Open-top driving at its purest: A brief history of the Porsche Speedster

Porsche has just started production of a modern Speedster based on its 991-generation 911. Unveiled in April at the 2019 New York International Auto Show, the car continues a legacy of Porsche Speedsters that dates back all the way to 1952.

It all started with the 356 America Roadster, of which just 16 examples were built and all but one was sold in the United States. By removing the roof, Porsche was able to shed 352 pounds from the curb weight of the 356 and in the process started the tradition of lightweight and dynamic open-top cars at the brand.

1955 Porsche 356 Speedster

1955 Porsche 356 Speedster

The cars proved popular, so much so that famed European vehicle importer Max Hoffmann in 1954 convinced Porsche that the U.S. market was a viable one for the firm, which was only six years old at the time. Hoffmann requested a stripped-out car costing less than $3,000 and Porsche responded in the fall of that year with the first 356 Speedster.

The car was a significantly less expensive version of the 356 America Roadster and distinguished by its raked windscreen, which was removable, plus a stripped interior and simple rain top. Costing $2,995, the car was a hit, attracting buyers seeking pure driving pleasure. Among them was Hollywood icon James Dean, who of course would die the following year in a Porsche 550 Spyder while en route to a race in Salinas, California.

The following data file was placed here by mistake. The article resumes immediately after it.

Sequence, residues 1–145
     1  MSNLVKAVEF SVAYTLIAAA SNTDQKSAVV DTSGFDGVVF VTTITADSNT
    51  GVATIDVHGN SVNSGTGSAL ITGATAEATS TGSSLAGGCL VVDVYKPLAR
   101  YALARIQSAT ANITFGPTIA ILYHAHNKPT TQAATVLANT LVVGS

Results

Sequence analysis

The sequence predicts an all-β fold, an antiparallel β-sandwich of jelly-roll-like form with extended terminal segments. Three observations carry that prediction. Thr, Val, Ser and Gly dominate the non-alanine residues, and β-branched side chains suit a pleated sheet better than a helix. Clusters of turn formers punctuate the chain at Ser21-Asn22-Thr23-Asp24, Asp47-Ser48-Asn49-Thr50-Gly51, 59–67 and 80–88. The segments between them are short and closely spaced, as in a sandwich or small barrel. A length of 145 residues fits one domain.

1955 Porsche 356 Speedster

1955 Porsche 356 Speedster

Further, more powerful versions of the 356 Speedster followed, culminating in 1957 with the 356 A 1500 GS Carrera GT Speedster, whose 110-horsepower, 1.5-liter engine made it the first Porsche to crack 124 mph.

Unfortunately, Porsche put the Speedster tradition on hold with the arrival of the 911 in 1963. It wouldn’t be until 1988 that it was picked up again with the start of production of the 911 Carrera 3.2 Speedster to mark the end of the G series of 911s.

1989 Porsche 911 Carrera 3.2 Speedster

1989 Porsche 911 Carrera 3.2 Speedster

This was then followed by Speedster versions of the 964-, 993- and 997-generation 911s and now the 991-generation 911, too.

Note, for the 993-generation 911, Porsche built just two Speedsters. Known as the 1995 Porsche 911 Carrera 3.6 Speedster, there was a green example for Ferdinand Alexander “Butzi” Porsche, the designer of the 911, and another silver example for comedian and avid Porsche fan Jerry Seinfeld. There have been a number of unofficial versions, too.

1995 Porsche 911 Carrera 3.6 Speedster

1995 Porsche 911 Carrera 3.6 Speedster

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